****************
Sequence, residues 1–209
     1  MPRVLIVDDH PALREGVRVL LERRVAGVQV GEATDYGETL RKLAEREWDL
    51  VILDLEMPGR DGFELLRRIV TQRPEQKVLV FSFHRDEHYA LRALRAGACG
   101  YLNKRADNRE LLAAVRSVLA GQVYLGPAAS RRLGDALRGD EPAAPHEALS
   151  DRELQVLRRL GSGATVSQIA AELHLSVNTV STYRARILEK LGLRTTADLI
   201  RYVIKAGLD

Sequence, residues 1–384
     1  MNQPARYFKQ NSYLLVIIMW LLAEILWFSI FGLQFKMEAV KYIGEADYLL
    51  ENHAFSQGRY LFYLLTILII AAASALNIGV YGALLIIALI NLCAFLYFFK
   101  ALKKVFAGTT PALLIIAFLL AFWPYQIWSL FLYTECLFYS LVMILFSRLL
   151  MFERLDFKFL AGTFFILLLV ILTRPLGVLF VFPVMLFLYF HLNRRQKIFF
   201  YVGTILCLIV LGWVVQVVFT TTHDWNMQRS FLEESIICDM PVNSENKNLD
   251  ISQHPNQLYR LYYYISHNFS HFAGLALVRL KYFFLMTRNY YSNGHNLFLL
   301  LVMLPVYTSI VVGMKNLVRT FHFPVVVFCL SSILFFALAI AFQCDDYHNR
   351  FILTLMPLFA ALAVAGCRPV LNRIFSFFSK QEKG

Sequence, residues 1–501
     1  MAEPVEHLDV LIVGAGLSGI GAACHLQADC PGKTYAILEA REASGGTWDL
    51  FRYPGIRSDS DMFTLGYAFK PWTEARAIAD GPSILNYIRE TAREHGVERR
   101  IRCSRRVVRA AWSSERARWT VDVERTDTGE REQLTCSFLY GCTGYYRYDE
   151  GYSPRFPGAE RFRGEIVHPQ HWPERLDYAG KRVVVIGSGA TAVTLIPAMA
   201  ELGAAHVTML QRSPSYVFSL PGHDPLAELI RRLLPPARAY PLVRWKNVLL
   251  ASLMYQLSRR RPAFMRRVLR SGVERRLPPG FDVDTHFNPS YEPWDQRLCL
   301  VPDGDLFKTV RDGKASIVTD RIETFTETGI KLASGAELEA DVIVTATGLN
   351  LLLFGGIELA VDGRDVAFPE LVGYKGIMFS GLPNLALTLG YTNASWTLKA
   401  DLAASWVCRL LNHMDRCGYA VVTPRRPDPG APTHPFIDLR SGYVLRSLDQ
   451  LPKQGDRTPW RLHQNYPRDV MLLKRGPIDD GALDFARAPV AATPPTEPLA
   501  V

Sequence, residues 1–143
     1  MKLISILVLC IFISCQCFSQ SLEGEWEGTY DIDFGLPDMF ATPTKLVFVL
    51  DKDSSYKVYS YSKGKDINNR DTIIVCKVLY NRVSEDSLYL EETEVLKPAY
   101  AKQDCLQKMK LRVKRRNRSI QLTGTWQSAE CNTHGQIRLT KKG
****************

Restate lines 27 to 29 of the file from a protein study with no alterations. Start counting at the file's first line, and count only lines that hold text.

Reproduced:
   501  V

Sequence, residues 1–143
     1  MKLISILVLC IFISCQCFSQ SLEGEWEGTY DIDFGLPDMF ATPTKLVFVL